Lopez, Carlos Paz
Photo of Martinez-Garcia, Horacio
Martinez-Garcia, Horacio
Photo of Mejia-Gonzalez, Juan
Mejia-Gonzalez, Juan
Photo of Mendoza, Apolonia Rodriguez
Mendoza, Apolonia Rodriguez
Photo of Plancarte, Custodio Benaue
Plancarte, Custodio Benaue
Photo of Reyes, Bernardo Garza
Reyes, Bernardo Garza
Photo of Romo-Contreras, Refugio
Romo-Contreras, Refugio
Photo of Rubio, Omar Fayette
Rubio, Omar Fayette
Photo of Tinoco, Diego Villafuerte
Tinoco, Diego Villafuerte
Photo of Triana-Garcia, Francisco
Triana-Garcia, Francisco

The sedate suburban city of Farmers Branch north of Dallas has been trying for years to ban illegals from renting within its limits. But constant legal harassment from Leftist vigilante groups like the ACLU and MALDEF has blocked it so far.

In 2010, a federal judge (Bush appointee Jane Boyle) ruled that the Farmers Branch ordinance was unconstitutional, and moreover, it was preempted by federal immigration law. This ruling was upheld in March of 2012 by a three-judge panel of the 5th U.S. Circuit Court of Appeals.[VDARE.com note: The three judges on the  panel: A 90ish white male Carter appointee , 40ish lady judge appointed by Bush and Perry (cf. Harriet Miers), and a  black judge appointed by Obama .]

Kansas Secretary of State Kris Kobach is the attorney for Farmers Branch. He told the court that the plaintiffs “cannot identify a single federal statute that the Farmers Branch ordinance conflicts with.” He also stated further that the law not only allows such ordinances, the law “invites it.” He cited several federal statutes that support the Farmers Branch ordinance with language such as “governments should act to discourage illegal immigration” and another one that “forbids the harboring of unauthorized immigrants, which includes renting them apartments.” [A Texas town wants to ban undocumented immigrants from renting houses,  by Griselda Nevarez, Voxxi.com, September 21, 2012]

Unfortunately, the 5th U.S. Circuit Court of Appeals in New Orleans also ruled in late July that the Farmers Branch ordinance was unconstitutional.

But city officials, despite intense pressure to throw in the towel, have not given up. They say they have 90 days to decide on whether to appeal, citing a recent favorable Nebraska court ruling on a similar ordinance inspired by the Farmers Branch example.  

Stay tuned to this David and Goliath case.

Why has Farmers Branch fought so hard? One obvious reason: property values.

Take that nice North Dallas apartment complex I lived in for 12 years. Today, it is a dreadful slum with boom-blaster music thundering everywhere, garishly painted automobiles being repaired in the parking lot, squabbling and fighting, torn trash bags deposited on the pavement in front of the metal dumpsters rather than placed inside (this even when the dumpster is totally empty), and a slew of other degrading eyesores.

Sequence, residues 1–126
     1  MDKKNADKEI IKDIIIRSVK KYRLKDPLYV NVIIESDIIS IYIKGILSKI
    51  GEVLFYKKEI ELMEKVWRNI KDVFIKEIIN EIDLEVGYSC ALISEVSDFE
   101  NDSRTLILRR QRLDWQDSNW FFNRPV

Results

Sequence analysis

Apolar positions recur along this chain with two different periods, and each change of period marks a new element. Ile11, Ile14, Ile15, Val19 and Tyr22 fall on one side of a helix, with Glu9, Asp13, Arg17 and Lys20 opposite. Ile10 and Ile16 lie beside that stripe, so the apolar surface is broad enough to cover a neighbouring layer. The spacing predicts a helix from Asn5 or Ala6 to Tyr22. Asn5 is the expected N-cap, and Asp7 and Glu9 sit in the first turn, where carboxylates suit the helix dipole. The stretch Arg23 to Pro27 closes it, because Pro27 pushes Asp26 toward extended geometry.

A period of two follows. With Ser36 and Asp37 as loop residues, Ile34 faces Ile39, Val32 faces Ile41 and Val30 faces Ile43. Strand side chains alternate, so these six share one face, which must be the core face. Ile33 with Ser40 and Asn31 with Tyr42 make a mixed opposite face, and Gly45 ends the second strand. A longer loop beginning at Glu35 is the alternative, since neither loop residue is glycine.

Immigration enthusiast groups like the ACLU, La Raza and the Chamber of Commerce, claim there is no correlation between illegals and property values. But illegals travel in packs; they attract scores of friends and relatives. They live three and four families to a house. They spread ruin wherever they go. Sure, there are exceptions, but it’s safe to say illegals moving into a neighborhood are a definite negative that realtors do not like to see.

Garland, Carrollton, Richardson, Duncanville, Seagoville, and certain portions of Dallas proper have already experienced this tragedy. But it is not reported. Immigration Enthusiasts see what they want to see—exactly like the liberals who went to Russia in the 1920s-1930s and came back raving about the beauty and freedom they encountered.

A peculiar problem confronting Dallas: the city has always had a certain Mexican flavor, much of it not undesirable. This has led many Dallas residents into dangerous complacency about illegals and the future consequences of Amnesty—reinforced, of course, by relentless Educrat and Main Stream Media propaganda. Well-meaning and patriotic Dallasites go about their daily lives believing the nation’s immigration crisis is just reactionary alarmism from conservative troglodytes unable to face up to the flow of peoples and cultures.

Dallas residents, thus, continue to send politicians to Austin who see appeasement as a viable response to the invasion facing them. They cannot see back 27 years to 1986 and connect the dots of today’s 12-20 million onslaught to the Immigration Reform and Control Act’s granting of amnesty to 3 million illegals under Reagan.

And, as readers of VDARE.com well know, border security alone is not enough. Without an English language mandate, states ability to deny welfare and schooling to illegals, closing the Anchor Baby loophole, mandatory E-Verify, the tide will not be stemmed.

Texans know backyard honey pots must be removed to stop fire ants from streaming into their yards. The same applies to illegals.

But my sense is that Americans generally would rally around a principled stand against illegal immigration, like Americans rallied around Tom Paine and Common Sense 240 years ago. As Pat Buchanan recently argued, in times of crisis voters do respond to courage and principle. They will connect the dots, especially if a gutsy presidential candidate dares to buck the PC police and forcefully explain the dots to them—as Texan Ross Perot explained the coming debt crisis with charts and half hour TV lectures in 1992.

All great and successful nations protect their borders. Their intellectuals peruse history rigorously and learn from it. They respect the ethnic majority of their country. They do not malign its traditions and smear its heroes in the schools.

Our immigration crisis did not just pop upon the scene. It is the result of many aberrations that have been fostered by the Left over the past century.

Will the American people wake up and rally to a new “common sense” for our time? I believe they would…if only a principled political leader would emerge.

Let this be a plea to Texas’ own Senator Ted Cruz. Are you that kind of leader?

Nelson Hultberg (email him) is a freelance writer in Dallas, TX and the Director of Americans for a Free Republic www.AFR.org. His articles have appeared in such publications as the Dallas Morning News, San Antonio Express-News, American Conservative, Insight, The Freeman, Liberty, and The Social Critic, as well as on numerous Internet sites. He is the author of The Golden Mean: Libertarian Politics, Conservative Values and Breaking the Demopublican Monopoly: How to Unify America with a Third Party that Can Win.